Farm & ranch steams ahead
It’s not just Tractor Supply that’s riding a wave of growth in the sector for hobby farmers and backyard ranchers.
This is not an article about Tractor Supply.
But let’s face it. You can’t write about the farm-and-ranch retail sector without referring to the Brentwood, Tenn.-based giant either as a competitor or as a role model.
“Tractor,” as competitors invariably refer to the 1,300-store chain, has very publicly mowed down obstacles to growth during the housing market downturn. The company points to its knowledge of its customer and its execution in support of that customer as two ingredients of its success. But Tractor Supply is not alone. Across rural America, and in some cases encroaching on metropolitan areas, the farm-and-ranch supply retail sector is on a roll.
Peter Benedict, managing director of Baird Research, says his company’s proprietary research shows a healthy environment for the rural retailer serving the hobby farmer, the backyard rancher and the horse-owning rural lifestyle.
“This is a good customer demographic to serve,” he told HCN. “These [customers] tend to have slightly above-average incomes combined with slightly below-average costs of living. They tend to be pretty fiscally conservative, so they didn’t get way out over their skis with a lot of debt and then had to retrench. It’s a resilient customer demographic. I would say that in general it’s good to be in farm and ranch.”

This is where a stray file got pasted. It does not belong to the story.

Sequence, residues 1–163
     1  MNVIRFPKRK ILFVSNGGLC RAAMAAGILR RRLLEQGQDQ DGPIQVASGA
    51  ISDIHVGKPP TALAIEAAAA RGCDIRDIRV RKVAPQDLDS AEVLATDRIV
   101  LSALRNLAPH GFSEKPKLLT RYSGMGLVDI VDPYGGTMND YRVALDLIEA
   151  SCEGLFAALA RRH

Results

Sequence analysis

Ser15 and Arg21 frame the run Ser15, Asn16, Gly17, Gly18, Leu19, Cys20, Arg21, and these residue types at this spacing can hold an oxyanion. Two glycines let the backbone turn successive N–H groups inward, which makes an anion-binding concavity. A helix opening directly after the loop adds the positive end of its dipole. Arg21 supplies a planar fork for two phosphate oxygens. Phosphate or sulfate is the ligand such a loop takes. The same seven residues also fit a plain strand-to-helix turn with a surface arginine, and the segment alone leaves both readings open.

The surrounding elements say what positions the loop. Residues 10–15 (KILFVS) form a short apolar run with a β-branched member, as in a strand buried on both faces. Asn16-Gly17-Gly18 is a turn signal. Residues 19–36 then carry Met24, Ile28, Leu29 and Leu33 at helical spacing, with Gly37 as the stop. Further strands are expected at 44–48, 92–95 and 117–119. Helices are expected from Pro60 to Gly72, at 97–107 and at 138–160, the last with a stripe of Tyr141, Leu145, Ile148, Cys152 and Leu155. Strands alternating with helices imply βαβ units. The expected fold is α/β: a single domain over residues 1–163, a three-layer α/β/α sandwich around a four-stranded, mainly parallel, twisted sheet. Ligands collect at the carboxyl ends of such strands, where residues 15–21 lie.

He added, with a nod toward Tractor Supply: “but certainly better for some than others.”
At the recent True Value Reunion, FRAP — farm, ranch, auto and pet — was one of the show highlights, as the co-op works to expand the segment. The business generated about $12 million in new wholesale sales for True Value, a 13% boost over 2012.
No matter how good the demographics are, a retailer in 2014 must execute, must stay ahead of the curve and must adapt continually to customer trends. Those concepts are embraced by high-performing farm-and-ranch companies in boardrooms well beyond Brentwood, Tenn.
Case in point: Marshall, Minn.-based Runnings. “The FR sector in general has done very well over the last five to 10 years,” said Dennis Jensen, director of marketing for the 30-store chain.
“We really consider ourselves pretty fortunate to make it through times when many retailers were negatively impacted by a soft economy.”
He said the company was insulated from the housing market downturn. Another secret to the sector: the products are necessities. “They need these things to run their life,” he said.
By the same token, Runnings, a member of the Do it Best co-op, is not waiting for customers to come to them.
“Our team has worked very hard over the last several years to evolve our brand,” Jennings told HCN. “To not only be known for farm merchandise but to be a retail destination known for clothing, for footwear, tools, pet, lawn and garden, toys and specifically the sporting goods category is one that is exploding for us. We offer hunting, fishing, archery supplies, and some stores under the Runnings brand carry guns, so we’ve really expanded our brand position so that it’s farm and home, and so much more.”
Even more dramatic is the footprint, both in terms of store size and geography. In Rapid City, S.D., a 34,000-sq.-ft. Runnings reopened in a converted Sam’s Club. It’s now 119,000 sq. ft. A similar story took place in New Ulm, Minn. And the company is planning a move East, where it purchased stores formerly owned by mass retailers.
Five Runnings are in the works to open in New York State and one in New Hampshire in the fall of 2014 and spring of 2015.
“We believe that because of the landscape out there in terms of the climate and type of customers, we feel we could be very competitive,” he said.
Another major initiative is e-commerce, which Jensen says will be up and running in September.